So after a day full of beach rides, I go for this 70-mile ride through a scenic old goa, and hair-pin-bended-hills. There was literally no one on the road. I was wholly trusting my GPS, hoping that it will end me up where I wanted it to. Almost 75% into the journey, I realized that I forgot to withdraw cash while starting. Such a blunder, I was so cautious and focused on taking the correct route, and missed out on this. All that was left was 400 rupees, in which 350 would go for the jeep taxi fare that shuttles between dudhsagar falls and the nearest village. Almost half the tank's fuel is gone, and I would use the remaining 50 bucks for fuel, assuming I skip buying lunch. What a pity! Having no money and a debit card is one and having money without access to an ATM is another. Would I go back? I did not. I have come all the way to take the train-crossing-dudhsagar-falls photograph, and I am not returning without it. With crazy ideas like selling the soveniors I bought, I continued my journey and reached Collem village, the place where you start your "14-km forest ride" to Dudhsagar falls. I reached my destination but lost 70% of my phone battery. I will need it for the two main things my survival depend on: (1) Taking pictures (2) Using GPS. It was 2 in the noon, I had lost my battery, left without money, fuel, and virtually hopeless of catching my return bus which was scheduled for a 8 PM departure. It was like a typical Indian movie interval where a lead star is left with nothing, and is expected to "catch up". I knew I would get to know by 8 PM, whether I am a hero or a comedian. 

So I set out for a walk, inquiring for nearest ATM's, only to know that it is 18 miles away. One of the shoppies I spoke to, was kind enough to allow me charge my phone. I waited more than an hour here, watching 5 foreign tourists cross the road over and over, stocking up fruits and beer tins, as my phone charged. They are possibly preparing for the same journey as me, I thought, assuming such a small village will not have much attractions. Both the days put together, I had spent over 4 hours, only to charge my phone. There was this thought in my mind, ever since I started the day, that I would do the 14-mile forest drive with my bike, which is more fun and would also save the jeep taxi fare [350 bucks]. Blogs were also telling me that we won't be allowed to ride inside the gate, and that it is very tough to actually drive there. 80% charging was done, and I took the phone with some confidence, started my Honda Dio for one-hell-of-a-forest-ride. The foreign tourists also began their journey. I got some company, and I should be able to do this, I thought, only to realize it the other way later on. Even before I could begin my journey, I was blocked by the sight of a water pool. The 14-km drive has 4-5 small water streams in between, through which you have to manage. The Jeep taxi's do that with utmost ease, while my bike struggled. I was thinking that I had rented the "right bike" for my exploration but the thought holds good only for the first day of the trip. This 2nd day, I must be having a more powerful vehicle. I withdrew my intent, and decided not to do it. Seconds later, I found the man in the enticer bike limping  in the middle of the stream, pushing his bike along. He hurt his leg very badly while crossing it. The problem is not just water, but the hard-rocks and stones under them which normal bike tires cannot go past easily.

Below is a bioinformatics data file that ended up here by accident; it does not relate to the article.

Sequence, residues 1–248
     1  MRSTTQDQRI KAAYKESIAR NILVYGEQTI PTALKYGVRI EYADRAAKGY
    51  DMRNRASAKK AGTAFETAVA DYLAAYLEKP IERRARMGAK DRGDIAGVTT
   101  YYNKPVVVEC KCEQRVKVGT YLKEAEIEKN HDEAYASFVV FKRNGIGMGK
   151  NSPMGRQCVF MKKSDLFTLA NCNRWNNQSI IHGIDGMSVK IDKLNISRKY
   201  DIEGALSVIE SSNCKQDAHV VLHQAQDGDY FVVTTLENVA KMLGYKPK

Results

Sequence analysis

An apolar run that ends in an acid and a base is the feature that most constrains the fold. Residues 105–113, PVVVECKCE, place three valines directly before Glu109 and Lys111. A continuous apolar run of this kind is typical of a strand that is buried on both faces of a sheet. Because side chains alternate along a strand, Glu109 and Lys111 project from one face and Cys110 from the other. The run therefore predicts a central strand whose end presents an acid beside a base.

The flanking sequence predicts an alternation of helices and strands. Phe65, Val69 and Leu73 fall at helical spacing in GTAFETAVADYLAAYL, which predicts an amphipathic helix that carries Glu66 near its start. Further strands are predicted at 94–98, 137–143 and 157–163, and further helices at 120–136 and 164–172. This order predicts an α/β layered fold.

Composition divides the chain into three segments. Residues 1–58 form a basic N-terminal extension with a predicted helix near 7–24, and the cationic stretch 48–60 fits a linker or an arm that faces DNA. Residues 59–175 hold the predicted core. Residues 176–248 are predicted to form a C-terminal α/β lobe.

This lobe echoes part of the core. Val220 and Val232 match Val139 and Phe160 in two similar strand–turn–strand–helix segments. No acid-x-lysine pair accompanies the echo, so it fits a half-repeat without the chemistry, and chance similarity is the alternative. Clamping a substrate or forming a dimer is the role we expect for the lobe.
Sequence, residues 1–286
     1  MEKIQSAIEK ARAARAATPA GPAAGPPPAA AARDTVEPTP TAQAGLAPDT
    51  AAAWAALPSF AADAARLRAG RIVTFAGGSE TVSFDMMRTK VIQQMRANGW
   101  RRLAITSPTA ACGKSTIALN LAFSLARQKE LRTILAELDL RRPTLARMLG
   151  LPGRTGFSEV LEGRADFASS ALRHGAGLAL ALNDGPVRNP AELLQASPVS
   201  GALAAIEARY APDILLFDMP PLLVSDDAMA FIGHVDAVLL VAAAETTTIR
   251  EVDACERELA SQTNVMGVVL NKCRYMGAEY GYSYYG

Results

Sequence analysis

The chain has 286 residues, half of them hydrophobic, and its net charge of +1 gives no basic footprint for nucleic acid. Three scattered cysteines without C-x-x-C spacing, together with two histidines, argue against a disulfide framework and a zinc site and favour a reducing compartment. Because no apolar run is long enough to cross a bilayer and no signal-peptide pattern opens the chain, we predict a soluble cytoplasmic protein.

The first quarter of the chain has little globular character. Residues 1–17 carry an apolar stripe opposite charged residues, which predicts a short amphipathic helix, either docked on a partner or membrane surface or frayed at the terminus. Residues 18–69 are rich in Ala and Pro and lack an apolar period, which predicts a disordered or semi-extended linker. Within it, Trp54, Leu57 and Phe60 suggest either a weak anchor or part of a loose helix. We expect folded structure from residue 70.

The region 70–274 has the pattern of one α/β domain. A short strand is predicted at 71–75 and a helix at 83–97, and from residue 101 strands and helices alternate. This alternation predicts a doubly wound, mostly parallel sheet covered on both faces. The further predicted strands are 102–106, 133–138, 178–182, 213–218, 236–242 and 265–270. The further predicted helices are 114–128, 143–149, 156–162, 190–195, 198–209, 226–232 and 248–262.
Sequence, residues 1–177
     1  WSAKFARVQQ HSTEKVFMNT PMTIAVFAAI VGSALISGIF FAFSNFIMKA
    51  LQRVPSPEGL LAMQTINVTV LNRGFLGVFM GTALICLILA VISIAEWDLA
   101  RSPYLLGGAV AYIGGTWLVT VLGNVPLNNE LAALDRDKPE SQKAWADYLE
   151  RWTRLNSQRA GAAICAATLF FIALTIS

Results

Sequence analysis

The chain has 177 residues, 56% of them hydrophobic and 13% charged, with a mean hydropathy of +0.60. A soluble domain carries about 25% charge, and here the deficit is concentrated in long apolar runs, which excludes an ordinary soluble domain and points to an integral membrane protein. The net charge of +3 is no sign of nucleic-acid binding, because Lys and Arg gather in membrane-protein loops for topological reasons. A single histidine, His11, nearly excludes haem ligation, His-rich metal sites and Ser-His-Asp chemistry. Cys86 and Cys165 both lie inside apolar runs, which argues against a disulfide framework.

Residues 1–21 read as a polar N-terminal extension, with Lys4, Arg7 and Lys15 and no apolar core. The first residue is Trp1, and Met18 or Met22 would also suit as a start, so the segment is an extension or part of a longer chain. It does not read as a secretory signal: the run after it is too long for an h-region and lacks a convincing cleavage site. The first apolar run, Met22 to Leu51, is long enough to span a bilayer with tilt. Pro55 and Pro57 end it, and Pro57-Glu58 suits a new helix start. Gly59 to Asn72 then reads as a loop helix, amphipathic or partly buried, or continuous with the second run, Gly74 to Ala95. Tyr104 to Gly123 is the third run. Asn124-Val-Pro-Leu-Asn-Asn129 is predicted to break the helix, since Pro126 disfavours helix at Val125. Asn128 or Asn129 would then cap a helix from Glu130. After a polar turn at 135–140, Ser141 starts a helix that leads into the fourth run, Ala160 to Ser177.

So I returned back, started waiting for the jeep taxi. I would also turn out super-lucky by finding this small hotel that had a deal: No money? No Problem. Buy Money. They actually swipe your debit/credit card for whatever money you want and charge 12% extra. Expensive but proved useful for me at that moment. They had this deal which says, "2100 Rs for a Jeep, Maximum of 6 people". So if you are a gang of 6, its 350/head, and if 5, then 425/head. That man asked me something for a long time in Hindi, that sounded like a "How many of you" question for which I replied "only me". He asked me to wait over a corner, which means, I should wait for a gang of 5 or less. 10 mins later, 4 guys came. We 5 thought of going but decided to wait for one more. 10 more mins later, a gang of 15 college students came and rocked out the place. After lot of negotiation, we did a 7+7+6 in 3 Jeeps. So after lot of struggle, I finally got to see the falls I wanted. Not the view I anticipated, but was satisfied I could reach till there, and have a swim. Amazing to see that the Railway department actually built a track over there. Really amazing.  

I started back to Panjim around 6, and did the same distance in less than 75 minutes. The roads are really good, with sign boards directing you approriately at every intersection, and with a better vehichle/car, this Panjim - Dudhsagar stretch can be done in just 40 mins. I reached my place well ahead on time and boarded the bus. It was 2 great and adventurous days, roaming all alone, knowing nothing about Goa. Both the days put together, I had consumed 8 litres of fuel, which is around 300km (just inside the city). And fuel is 30% cheaper here (57/ltr against 72/ltr in other states).  I will come here again, with all my friends, with more powerful bikes, and a better camera, for the Dudhsagar forest-ride. Roaming alone in unknown territory is never so new to me. When I was 14 years old, I did a 17-mile ride to my grandmother's village alone in my bi-cycle. So it is obvious that such a creature is prone to embark upon crazier journeys over time. To be continued... :-)

Jan 3, 2013

The most liked photo

I was going through my facebook wall, giving LIKEs for some sweet posts, as I thought, "What could be the most liked thing on facebook". A gasp, followed by a Google search, and some reading before I figured it out. It's Obama's "back-to-throne" moment that made it! If I recollect correctly, it was also the same picture, along with a 3-word tweet that read, "Four More Years" which Twitter.com announced as the Year 2012's Most re-tweeted post. Mr.President is breaking records on the internet as well! 


This picture, having Obama embracing Michelle, became the most liked photo once it crossed 2.1 million.